"Probably the biggest thing is [third baseman Jhonny] Peralta playing back. It's just giving me a base hit. It got off the end of the bat a little bit and I didn't get it out there far enough, I didn't execute.

"You factor in all those things, it sounds like a pretty good idea I think. I'm sure a lot of people don't recognize that or realize that. There are a lot of things that go into it. I thought that was the best play at the time."

That's the issue — there shouldn't be "a lot of things that go into it." It was a relatively routine scenario: a base hit would have given the Twins the lead. It happens, though, players getting swept up in mind games when the swing goes on vacation. Rather than simply reacting to a pitch, they try to "think" their way on base.

It's a nasty thing and it gobbles up Little Leaguers and big leaguers alike. Just like that, you can't drive the ball. You're swinging at a butterfly. You try every conceivable solution — shorten the swing, move closer to/back from the plate, try a new stance, take a copious amount of BP.

In such instances, Mark Grace should be consulted for his version of the "slump-buster."

Monday, July 19, 2010

Joe Mauer endorses this 4-6-3 DP

Remember watching Joe Mauer hit a year ago? His at-bats always led to a little daydreaming. We pondered, romantically, the viability of a catcher flirting with .400. Into June, then July. Mauer was magic, turning a flick of his wrists into doubles and opposite-field homers.

Now, when he comes to the plate, I ponder something different. Namely, what's the record for 4-6-3 double plays in a single season?

Scott Baker trying to reclaim LVP award from Kevin Slowey

When Kevin Slowey wrestled the weekly LVP award away from Scott Baker last week, Baker apparently had one thought: I'm gettin' that shit back.

And he is. Baker could very well become the first two-time winner in the long and distinguised history of TwinkieTown's LVP award. There's a word for that: douchebag.

I initially was going to craft a plan to fix the Twins' starting rotation, but then I looked at what their minor league pitchers are doing. Ouch. They aren't doin' much. Some shmuck by the name of Mike McCardell is 0-10 with a 5.79 ERA. He's at Double A, on the fast track to retirement. Or the Mexican leagues.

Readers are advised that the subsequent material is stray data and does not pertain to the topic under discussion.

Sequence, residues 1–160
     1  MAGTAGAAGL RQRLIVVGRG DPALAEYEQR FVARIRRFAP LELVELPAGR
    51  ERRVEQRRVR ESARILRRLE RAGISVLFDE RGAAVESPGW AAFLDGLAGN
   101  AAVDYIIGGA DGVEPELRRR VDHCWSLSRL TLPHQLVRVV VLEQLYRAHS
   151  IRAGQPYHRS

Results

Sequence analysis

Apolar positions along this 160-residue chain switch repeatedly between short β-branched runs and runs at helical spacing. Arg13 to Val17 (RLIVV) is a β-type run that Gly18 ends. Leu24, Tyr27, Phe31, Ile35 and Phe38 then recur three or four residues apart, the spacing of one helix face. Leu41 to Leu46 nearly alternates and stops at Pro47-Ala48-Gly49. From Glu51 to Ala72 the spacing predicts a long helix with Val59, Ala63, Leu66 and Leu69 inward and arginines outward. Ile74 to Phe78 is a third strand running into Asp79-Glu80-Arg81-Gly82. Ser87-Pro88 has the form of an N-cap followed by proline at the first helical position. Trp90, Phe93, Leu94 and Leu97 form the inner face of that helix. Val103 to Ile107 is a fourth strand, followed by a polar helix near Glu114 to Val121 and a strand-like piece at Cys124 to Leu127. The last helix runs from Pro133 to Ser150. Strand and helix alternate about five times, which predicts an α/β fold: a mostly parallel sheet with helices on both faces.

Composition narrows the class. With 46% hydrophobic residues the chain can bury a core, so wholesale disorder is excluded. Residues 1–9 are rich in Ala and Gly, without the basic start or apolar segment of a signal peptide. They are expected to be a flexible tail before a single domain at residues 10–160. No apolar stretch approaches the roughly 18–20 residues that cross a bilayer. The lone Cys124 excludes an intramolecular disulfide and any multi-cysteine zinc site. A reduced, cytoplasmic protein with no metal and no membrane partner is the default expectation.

I've always been pretty high on Anthony Swarzak. Which is apropos, considering Anthony Swarzak always seems pretty high. Wait, he's the dude who admitted to smoking some grass back in the day, right? If not, he should start. Like right now. And when he's baked and eating nacho cheese Doritos and watching The Big Lebowski, maybe he can make sense of his 6.24 ERA and 2-6 record.

Looking over the stats for the minor league pitchers, it's a big, heaping pile of mediocrity. Lots of ERAs in the 5s.

Maybe the Twins can trade Scott Baker for Dan Haren or Roy Oswalt. Straight up.

Some guy in the NHL signed a 17-year contract this afternoon. Ilya Kovalchuk is his name. He signed with the Devils, for roughly $100 million. The dude's 27 years old. I'm 28 and nobody is offering me a 16-year contract. And I'm in my prime. For bean bags, my prime for bean bags.

Seventeen years is a really long time to live in New Jersey.

What else happened today? Probably some other stuff, but I've had a pretty full day. This week's all about getting ready for Country Jam. In a related story, I spent $70 on Coors Light over the weekend. It's been in my kitchen since Saturday. Sitting peacefully in the corner, sweating under the humidity, waiting for ice so the mountains can regain their blue-ish hue.

I was gonna hold out and keep rambling, but the Twins are getting crushed and I'm tired. So I'm going to bed.

Sunday, July 18, 2010

Twins score four in the ninth to stun Sox

Another dynamite win for the Twinkies.

Down 6-3 entering the ninth, they scored four times to stun the White Sox and win their third straight. TwinkieTown made a rather bold prediction Friday that the Twins looked ready to pounce, ready to begin their ascent up the AL Central ladder.

TwinkieTown appears prophetic.

Also, I've had about enough of Nick Blackburn. Move him to the bullpen. Or Triple-A. Or Ghana. Just move him.

Saturday, July 17, 2010

Wait, it's over?

The Twins just won a 3-2 ballgame in a lightning-quick one hour, 52 minutes. That was amazing.

Great for the Twins, not so great when you build your night around watching the Twins. Now what to do?

Twins show some life

Prediction: The Twins are about to heat up.

I've been a gloomy Gus regarding the Twins (yes, you read that right — I used the words "gloomy Gus"), but Friday night they finally showed a spark in a 7-4 win over the White Sox. The collective attitude seemed to be, "Eff it, let's do this." It was only one victory, but I think I'm pretty decent at reading and interpreting body language. I'm probably horrible at it, but that's neither here nor there.

They just ... looked different. The past few weeks, big hits often were followed by looks of relief — insert monkey-off-the-back analogy here — whereas Friday they were followed by looks of determination, almost anger. Which leads me to believe they're about to unleash some pent-up frustration on upcoming opponents.

Having said all that, if the Twins go out and lose tonight, they are dead to me.

The Twins' win capped a nearly perfect Friday. I ran in the Park Point 5-Miler, one of the oldest road races in Minnesota.

And I won, too.

That's actually not true whatsoever. I didn't win. I wasn't close to winning. I think the winners crossed the finish line while I was still going through my pre-race stretching. Pricks.